Understanding all the cuts of beef on the market can be confusing, but for ambitious cooks, it can be essential. Here’s what to know about the cuts of beef.
For a chef, selecting the best cut of meat is second nature. But for the average person, choosing from the wide array of beef at the store can be confusing. You might have your go-to cuts, but are they the right choices?
With a little bit of homework, you can learn why chefs choose the cuts they choose. Meat is muscle, and some cuts are more tender than others. What if choosing flank instead of loin can make your favorite dish that much better? Here’s what to know about different cuts of beef to elevate your home cooking.
A cow is divided into eight parts, which are called primal cuts. From there, the cuts are divided into sub-primal cuts and shipped to markets and grocery stores. These cuts are then broken down further into portioned cuts at the store: the packaged meat on display at your local market.
Here’s what to know about each of the eight primal cuts:
Cut from the last six ribs and the backbone, ribs feature marbling, tenderness, and a distinctive flavor. Due to their popularity, ribs tend to be more expensive, and they do better slow cooked instead of grilled.
Chuck comes from the shoulder and the first seven ribs. It’s inexpensive but flavorful. You’ll find it used in many different ways, including in ground beef—it’s incredibly versatile for any cooking.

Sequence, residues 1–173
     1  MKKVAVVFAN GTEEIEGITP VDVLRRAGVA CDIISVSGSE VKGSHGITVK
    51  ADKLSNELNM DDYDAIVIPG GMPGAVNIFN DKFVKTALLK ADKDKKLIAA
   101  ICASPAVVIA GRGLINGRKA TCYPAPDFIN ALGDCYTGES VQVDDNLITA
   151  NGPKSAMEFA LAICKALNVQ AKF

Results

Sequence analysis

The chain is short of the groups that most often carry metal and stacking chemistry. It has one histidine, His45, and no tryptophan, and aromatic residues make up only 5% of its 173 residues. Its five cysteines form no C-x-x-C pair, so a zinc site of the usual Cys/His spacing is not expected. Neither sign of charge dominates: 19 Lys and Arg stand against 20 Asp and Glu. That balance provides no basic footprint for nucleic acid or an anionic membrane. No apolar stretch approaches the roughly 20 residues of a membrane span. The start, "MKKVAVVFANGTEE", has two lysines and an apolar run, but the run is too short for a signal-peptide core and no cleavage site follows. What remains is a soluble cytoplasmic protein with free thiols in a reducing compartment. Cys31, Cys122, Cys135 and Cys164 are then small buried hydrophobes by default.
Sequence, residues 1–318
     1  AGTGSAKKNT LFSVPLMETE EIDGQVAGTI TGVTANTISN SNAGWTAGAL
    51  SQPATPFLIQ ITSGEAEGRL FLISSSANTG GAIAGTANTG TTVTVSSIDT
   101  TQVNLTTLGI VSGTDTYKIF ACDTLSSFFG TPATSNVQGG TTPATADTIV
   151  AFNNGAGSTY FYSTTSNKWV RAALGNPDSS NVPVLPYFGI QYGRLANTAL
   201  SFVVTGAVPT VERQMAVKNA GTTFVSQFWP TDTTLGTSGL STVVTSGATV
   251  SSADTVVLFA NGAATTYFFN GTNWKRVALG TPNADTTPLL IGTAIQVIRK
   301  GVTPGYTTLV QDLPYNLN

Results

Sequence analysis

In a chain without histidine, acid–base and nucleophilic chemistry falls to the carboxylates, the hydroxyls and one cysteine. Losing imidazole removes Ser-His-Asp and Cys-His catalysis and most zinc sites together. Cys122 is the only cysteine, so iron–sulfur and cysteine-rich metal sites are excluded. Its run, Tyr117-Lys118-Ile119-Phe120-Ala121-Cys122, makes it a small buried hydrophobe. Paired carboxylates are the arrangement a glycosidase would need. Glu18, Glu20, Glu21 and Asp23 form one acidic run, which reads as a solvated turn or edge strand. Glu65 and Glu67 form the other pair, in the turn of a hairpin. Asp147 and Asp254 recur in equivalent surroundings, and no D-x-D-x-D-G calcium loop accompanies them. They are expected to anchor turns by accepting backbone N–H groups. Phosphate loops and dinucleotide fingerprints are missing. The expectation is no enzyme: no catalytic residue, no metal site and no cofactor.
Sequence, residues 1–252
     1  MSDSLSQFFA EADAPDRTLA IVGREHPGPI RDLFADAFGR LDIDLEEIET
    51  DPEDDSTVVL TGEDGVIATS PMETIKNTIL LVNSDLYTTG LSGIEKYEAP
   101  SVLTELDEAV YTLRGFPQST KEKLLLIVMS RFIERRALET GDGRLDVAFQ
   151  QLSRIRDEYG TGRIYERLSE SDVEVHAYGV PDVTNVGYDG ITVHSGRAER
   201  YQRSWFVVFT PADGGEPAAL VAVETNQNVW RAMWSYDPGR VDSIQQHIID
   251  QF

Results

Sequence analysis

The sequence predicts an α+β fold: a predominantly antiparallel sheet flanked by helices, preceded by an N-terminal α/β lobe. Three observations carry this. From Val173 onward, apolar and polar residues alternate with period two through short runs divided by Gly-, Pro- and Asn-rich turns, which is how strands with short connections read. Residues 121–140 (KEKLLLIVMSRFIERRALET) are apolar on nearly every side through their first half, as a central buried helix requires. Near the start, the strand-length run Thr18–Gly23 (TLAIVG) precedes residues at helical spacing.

Located behind the ribs, loin isn’t used very often, as it’s incredibly tender and one of the more expensive cuts of beef. This muscle is also called sirloin.
Round is one of the leanest cuts, and it isn’t as tender, since it comes from the cow’s hind legs. It’s also the cut used to make beef jerky. You’ll want to use round for high heat or slow cooking.
Flank works well as steak cooked on high heat: despite its lack of tenderness, it’s highly flavorful. It was once one the least expensive cuts, but as demand for lean meats has increased, the price of flank steak has increased. It’s found just below the loin.
Found near the cow’s stomach, short plate is cheap and fatty. You’ll often find this cut grouped with brisket or marbled short ribs.
Taken from the cow’s breast, brisket is well known for its ability to transform into perfection when cooked low and slow. Be sure to marinade and tenderize it first.
Often sinewy, shank comes from the cow’s forearm and is used for beef stock, ground beef, and osso buco. Usually not found in markets, shank cooks best slowly and with moisture.
Exploring what to know about the different cuts of beef can help you make an informed decision on which cuts will work best with your current recipes. It can also inspire you to experiment with new cuts and dishes!